As you can probably tell, I’m not fond of the image that TIME chose, but I think this woman did something great that will resonate with some nursing moms despite of the media-skewed message.  She put her breastfeeding choices out there for all to see on the cover of TIME. Very brave…especially in our hyper-sexual, anti-breastfeeding society.  This message could still resonate with a lot of breastfeeding mothers who have trouble making it beyond the shame that’s attached to breastfeeding.  I hope that the conversation that this image has created could at least do that and allow more women to be so open and confident about their experiences and personal choices.  I know it’s motivated me to write this post…and that part of it is good.

As far as the negative press on breastfeeding, I’m more than tired of the shaming and attempts to make extended breastfeeding into something perverse and strange.  It’s not at all what it seems to be in the image above and it certainly isn’t a decision that we need people making for us or shaming us for.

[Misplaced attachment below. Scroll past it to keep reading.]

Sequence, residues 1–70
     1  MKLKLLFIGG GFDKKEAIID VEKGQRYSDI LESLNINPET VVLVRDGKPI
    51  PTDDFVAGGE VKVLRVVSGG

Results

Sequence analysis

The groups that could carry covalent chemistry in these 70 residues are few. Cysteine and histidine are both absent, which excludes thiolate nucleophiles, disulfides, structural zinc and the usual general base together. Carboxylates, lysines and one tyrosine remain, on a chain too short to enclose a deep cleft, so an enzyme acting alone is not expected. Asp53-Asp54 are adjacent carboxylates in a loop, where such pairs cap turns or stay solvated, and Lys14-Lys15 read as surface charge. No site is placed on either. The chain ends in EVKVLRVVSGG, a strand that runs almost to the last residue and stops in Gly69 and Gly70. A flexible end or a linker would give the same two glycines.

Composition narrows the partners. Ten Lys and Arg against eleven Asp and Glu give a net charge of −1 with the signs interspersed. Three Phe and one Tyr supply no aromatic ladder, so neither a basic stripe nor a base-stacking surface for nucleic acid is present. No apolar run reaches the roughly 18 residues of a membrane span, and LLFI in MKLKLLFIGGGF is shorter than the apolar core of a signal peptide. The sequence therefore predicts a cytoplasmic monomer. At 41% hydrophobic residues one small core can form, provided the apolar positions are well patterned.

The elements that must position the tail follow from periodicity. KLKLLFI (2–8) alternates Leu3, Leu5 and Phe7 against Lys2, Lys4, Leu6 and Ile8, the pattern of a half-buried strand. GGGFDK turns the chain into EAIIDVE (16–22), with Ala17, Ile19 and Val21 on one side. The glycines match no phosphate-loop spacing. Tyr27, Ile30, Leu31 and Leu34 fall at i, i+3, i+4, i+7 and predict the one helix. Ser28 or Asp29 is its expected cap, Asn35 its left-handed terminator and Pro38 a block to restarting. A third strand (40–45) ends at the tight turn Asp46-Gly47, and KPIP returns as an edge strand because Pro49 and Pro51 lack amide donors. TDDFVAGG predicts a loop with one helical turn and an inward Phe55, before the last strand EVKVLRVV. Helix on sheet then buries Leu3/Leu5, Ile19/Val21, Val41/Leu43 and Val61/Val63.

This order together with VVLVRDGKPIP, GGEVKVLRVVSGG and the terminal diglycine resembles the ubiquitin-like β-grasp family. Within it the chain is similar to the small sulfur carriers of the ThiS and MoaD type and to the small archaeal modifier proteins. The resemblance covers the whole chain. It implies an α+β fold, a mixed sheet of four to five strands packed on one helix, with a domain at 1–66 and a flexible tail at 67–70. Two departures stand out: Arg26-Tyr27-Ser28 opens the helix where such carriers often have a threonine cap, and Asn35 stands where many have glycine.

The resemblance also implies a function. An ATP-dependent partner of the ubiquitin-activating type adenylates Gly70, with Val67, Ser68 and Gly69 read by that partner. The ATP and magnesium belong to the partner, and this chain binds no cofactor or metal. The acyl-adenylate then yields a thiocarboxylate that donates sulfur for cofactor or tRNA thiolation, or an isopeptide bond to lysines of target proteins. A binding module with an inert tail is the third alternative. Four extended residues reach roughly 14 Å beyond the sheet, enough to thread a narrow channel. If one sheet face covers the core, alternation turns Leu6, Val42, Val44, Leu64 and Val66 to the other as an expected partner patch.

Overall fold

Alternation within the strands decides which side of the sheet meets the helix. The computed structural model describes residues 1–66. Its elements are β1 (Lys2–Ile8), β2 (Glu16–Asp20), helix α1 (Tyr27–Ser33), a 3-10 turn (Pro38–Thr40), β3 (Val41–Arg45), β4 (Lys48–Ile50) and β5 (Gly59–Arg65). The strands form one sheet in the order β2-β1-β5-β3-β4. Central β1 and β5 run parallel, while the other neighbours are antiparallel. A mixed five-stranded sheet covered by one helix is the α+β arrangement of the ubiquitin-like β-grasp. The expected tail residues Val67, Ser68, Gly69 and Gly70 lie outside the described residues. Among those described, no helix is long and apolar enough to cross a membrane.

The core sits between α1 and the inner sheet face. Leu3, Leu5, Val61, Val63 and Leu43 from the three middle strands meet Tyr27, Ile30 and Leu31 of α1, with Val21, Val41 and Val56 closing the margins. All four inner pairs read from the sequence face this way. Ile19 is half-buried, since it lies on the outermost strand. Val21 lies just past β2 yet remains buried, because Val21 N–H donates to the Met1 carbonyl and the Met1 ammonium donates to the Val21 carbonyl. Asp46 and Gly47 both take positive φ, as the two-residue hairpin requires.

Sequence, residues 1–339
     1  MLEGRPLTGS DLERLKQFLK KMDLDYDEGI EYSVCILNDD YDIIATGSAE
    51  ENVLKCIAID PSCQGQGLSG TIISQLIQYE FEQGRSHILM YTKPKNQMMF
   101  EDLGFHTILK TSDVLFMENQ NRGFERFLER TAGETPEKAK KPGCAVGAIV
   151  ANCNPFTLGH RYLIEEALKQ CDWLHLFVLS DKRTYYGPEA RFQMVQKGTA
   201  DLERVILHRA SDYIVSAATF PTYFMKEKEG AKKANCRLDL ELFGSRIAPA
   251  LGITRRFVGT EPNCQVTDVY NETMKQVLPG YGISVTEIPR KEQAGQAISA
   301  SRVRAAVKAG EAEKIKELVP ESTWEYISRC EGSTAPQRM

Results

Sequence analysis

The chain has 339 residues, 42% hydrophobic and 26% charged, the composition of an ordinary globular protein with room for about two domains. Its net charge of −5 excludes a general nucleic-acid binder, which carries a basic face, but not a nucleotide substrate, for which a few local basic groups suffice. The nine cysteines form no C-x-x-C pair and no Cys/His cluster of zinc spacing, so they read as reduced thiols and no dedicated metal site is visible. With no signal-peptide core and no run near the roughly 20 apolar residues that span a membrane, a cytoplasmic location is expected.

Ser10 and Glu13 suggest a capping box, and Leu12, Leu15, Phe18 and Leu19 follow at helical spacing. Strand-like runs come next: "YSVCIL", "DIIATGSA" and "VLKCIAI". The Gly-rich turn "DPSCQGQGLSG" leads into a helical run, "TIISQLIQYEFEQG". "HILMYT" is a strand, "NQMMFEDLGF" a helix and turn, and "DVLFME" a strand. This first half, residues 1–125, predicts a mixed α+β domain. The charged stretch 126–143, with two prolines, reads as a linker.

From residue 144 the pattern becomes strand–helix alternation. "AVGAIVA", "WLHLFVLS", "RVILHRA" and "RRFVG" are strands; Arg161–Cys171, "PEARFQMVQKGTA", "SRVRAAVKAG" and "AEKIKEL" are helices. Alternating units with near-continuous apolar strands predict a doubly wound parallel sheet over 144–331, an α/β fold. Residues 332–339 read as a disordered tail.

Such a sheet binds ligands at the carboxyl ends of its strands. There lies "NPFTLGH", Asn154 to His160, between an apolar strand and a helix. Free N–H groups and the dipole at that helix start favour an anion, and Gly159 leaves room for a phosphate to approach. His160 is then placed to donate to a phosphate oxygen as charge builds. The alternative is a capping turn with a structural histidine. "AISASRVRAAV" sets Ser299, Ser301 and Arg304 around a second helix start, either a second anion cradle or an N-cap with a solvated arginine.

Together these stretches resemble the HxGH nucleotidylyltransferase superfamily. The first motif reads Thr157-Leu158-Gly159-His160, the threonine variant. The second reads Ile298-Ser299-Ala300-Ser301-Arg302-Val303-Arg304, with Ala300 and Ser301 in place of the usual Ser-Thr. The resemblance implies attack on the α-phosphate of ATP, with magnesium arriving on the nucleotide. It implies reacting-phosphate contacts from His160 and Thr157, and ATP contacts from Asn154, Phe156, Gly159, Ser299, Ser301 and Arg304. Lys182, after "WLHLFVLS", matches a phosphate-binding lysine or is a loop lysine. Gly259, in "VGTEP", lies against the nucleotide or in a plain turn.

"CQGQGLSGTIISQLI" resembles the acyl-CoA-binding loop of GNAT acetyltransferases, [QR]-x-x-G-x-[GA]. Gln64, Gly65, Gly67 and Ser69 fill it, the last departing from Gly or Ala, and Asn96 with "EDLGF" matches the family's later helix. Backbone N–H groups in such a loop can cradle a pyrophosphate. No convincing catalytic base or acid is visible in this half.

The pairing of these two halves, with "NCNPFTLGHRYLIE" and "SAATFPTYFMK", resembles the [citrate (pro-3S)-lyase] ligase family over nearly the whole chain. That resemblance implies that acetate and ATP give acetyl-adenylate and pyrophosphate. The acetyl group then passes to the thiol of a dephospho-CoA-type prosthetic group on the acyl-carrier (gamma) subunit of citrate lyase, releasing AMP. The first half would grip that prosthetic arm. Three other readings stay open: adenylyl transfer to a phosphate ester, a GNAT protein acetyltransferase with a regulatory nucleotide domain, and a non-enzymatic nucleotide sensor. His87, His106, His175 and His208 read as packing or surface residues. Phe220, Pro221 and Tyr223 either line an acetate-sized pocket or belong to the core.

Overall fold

When I first decided that I wanted to nurse my daughter, I set out with the goal of nursing for one whole year.  To me, that would have marked a success.  But after just one month of nursing, the questions already started coming…”When are you going to stop?”

One person told me that “after three months, it just starts to get creepy.”  Another told me that I should stop when my daughter started crawling, another when she starts walking/talking, or how about when she started eating solid foods, or when she start potty training?  It seemed like everyone has their own ideas, but overall, the general message to me was “this isn’t normal”.  From the first week, people pushed me to “break her in to a bottle”, but I held fast…because this mattered to me.

All I can say is that if I went by social norms and standards based on comments like this (which I got a lot of), I would have stopped nursing her at 3 months, since that’s about the time that MOST people seem to agree that nursing turns “perverse” or “unnecessary”.